Further layers are then stacked on top. To use a precomputed table of size *n* (*n* = 256 is typical), one chooses *x*_{1} such that *x*_{n} = 0, meaning that the top box, layer *n* − 1, reaches the distribution's peak at (0, *f*(0)) exactly.

Layer *i* extends vertically from *y*_{i} to *y*_{i+1}, and can be divided into two regions horizontally: the (generally larger) portion from 0 to *x*_{i+1} which is entirely contained within the desired distribution, and the (small) portion from *x*_{i+1} to *x*_{i}, which is only partially contained.

Ignoring for a moment the problem of layer 0, and given uniform random variables *U*_{0} and *U*_{1} ∈ [0,1), the ziggurat algorithm can be described as:

- Choose a random layer 0 ≤
*i*<*n*. - Let
*x*=*U*_{0}*x*_{i}. - If
*x*<*x*_{i+1}, return*x*. - Let
*y*=*y*_{i}+*U*_{1}(*y*_{i+1}−*y*_{i}). - Compute
*f*(*x*). If*y*<*f*(*x*), return*x*. - Otherwise, choose new random numbers and go back to step 1.

Step 1 amounts to choosing a low-resolution *y* coordinate. Step 3 tests if the *x* coordinate is clearly within the desired density function without knowing more about the y coordinate. If it is not, step 4 chooses a high-resolution y coordinate, and step 5 does the rejection test.

With closely spaced layers, the algorithm terminates at step 3 a very large fraction of the time. Note that for the top layer *n* − 1, however, this test always fails, because *x*_{n} = 0.

Layer 0 can also be divided into a central region and an edge, but the edge is an infinite tail. To use the same algorithm to check if the point is in the central region, generate a fictitious *x*_{0} = *A*/*y*_{1}. This will generate points with *x* < *x*_{1} with the correct frequency, and in the rare case that layer 0 is selected and *x* ≥ *x*_{1}, use a special fallback algorithm to select a point at random from the tail. Because the fallback algorithm is used less than one time in a thousand, speed is not essential.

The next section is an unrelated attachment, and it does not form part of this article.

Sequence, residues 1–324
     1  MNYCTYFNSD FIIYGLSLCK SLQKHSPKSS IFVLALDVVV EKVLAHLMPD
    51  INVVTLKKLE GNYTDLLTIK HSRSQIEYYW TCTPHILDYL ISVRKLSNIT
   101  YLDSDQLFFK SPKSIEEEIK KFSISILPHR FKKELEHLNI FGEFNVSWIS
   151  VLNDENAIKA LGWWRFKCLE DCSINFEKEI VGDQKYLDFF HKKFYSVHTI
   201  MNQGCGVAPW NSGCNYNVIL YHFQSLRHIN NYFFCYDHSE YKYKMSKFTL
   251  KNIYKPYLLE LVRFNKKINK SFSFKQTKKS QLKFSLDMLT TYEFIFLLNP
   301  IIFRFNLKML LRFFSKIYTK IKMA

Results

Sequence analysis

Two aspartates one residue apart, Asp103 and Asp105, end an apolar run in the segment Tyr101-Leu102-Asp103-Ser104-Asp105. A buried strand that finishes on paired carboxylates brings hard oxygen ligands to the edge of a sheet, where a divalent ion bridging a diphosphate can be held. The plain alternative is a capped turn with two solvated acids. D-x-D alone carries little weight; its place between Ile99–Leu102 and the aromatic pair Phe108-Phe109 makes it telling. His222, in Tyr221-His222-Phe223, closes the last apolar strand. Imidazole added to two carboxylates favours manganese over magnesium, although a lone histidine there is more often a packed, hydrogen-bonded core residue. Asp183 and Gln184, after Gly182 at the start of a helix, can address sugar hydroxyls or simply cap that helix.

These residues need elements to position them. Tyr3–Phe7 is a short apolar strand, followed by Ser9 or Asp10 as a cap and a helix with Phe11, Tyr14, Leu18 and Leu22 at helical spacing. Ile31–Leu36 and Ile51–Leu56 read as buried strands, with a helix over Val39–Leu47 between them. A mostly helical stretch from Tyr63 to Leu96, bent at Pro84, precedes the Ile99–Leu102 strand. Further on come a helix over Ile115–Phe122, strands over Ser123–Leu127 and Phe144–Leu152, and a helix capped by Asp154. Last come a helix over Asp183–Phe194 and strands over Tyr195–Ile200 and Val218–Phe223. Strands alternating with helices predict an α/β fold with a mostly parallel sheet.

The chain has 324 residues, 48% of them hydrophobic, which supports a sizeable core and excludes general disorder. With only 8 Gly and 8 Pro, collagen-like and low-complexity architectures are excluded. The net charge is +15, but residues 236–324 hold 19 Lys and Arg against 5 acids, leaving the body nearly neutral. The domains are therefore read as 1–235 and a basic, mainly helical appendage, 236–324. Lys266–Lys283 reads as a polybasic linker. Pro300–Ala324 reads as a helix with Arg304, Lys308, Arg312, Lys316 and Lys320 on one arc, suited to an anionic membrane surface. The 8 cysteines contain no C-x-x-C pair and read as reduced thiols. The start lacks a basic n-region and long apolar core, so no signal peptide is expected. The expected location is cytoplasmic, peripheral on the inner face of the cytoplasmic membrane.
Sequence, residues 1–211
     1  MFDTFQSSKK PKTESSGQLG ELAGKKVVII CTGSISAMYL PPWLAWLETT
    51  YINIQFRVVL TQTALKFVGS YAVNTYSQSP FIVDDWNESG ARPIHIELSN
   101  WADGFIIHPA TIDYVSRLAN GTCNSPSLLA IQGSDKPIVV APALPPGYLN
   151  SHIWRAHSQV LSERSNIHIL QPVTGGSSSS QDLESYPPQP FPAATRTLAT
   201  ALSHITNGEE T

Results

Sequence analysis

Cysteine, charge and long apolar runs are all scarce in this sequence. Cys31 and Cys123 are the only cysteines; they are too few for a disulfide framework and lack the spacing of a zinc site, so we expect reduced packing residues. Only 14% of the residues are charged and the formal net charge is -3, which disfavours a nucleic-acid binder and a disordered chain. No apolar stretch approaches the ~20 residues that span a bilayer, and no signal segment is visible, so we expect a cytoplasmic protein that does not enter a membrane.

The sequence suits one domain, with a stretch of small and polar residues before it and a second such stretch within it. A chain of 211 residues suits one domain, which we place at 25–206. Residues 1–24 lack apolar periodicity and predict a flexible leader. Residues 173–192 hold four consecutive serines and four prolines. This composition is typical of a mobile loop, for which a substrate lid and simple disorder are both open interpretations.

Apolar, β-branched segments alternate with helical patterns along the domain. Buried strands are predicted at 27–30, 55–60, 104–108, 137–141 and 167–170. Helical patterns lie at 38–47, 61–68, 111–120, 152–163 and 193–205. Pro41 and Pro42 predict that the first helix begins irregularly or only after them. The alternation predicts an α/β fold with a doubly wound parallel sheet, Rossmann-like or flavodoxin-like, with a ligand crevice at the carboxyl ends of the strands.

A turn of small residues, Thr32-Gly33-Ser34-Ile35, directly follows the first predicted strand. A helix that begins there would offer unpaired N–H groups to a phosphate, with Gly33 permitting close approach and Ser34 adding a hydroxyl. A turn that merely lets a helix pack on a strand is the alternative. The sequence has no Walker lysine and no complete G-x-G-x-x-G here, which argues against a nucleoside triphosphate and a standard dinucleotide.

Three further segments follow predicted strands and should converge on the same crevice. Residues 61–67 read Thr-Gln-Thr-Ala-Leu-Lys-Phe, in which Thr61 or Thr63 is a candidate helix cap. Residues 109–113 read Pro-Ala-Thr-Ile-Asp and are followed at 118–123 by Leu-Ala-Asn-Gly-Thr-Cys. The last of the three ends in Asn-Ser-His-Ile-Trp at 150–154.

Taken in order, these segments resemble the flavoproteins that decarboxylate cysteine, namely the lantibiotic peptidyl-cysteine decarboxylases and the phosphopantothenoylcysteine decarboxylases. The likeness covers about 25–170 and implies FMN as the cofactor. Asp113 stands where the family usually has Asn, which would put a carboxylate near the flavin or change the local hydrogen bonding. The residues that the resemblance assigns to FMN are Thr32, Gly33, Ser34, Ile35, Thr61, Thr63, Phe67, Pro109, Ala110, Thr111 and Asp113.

Thus, the full ziggurat algorithm for one-sided distributions is:

- Choose a random layer 0 ≤
*i*<*n*. - Let
*x*=*U*_{0}*x*_{i} - If
*x*<*x*_{i+1}, return*x*. - If
*i*= 0, generate a point from the tail using the fallback algorithm. - Let
*y*=*y*_{i}+*U*_{1}(*y*_{i+1}−*y*_{i}). - Compute
*f*(*x*). If*y*<*f*(*x*), return*x*. - Otherwise, choose new random numbers and go back to step 1.

For a two-sided distribution, of course, the result must be negated 50% of the time. This can often be done conveniently by choosing *U*_{0} ∈ (−1,1) and, in step 3, testing if |*x*| < *x*_{i+1}.

### Fallback algorithms for the tail

Because the ziggurat algorithm only generates *most* outputs very rapidly, and requires a fallback algorithm whenever *x* > *x*_{1}, it is always more complex than a more direct implementation. The fallback algorithm, of course, depends on the distribution.

For an exponential distribution, the tail looks just like the body of the distribution. One way is to fall back to the most elementary algorithm *E* = −ln(*U*_{1}) and let *x* = *x*_{1} − ln(*U*_{1}). Another is to call the ziggurat algorithm recursively and add *x*_{1} to the result.

For a normal distribution, Marsaglia suggests a compact algorithm:

- Let
*x*= −ln(*U*_{1})/*x*_{1}. - Let
*y*= −ln(*U*_{2}). - If 2
*y*>*x*^{2}, return*x*+*x*_{1}. - Otherwise, go back to step 1.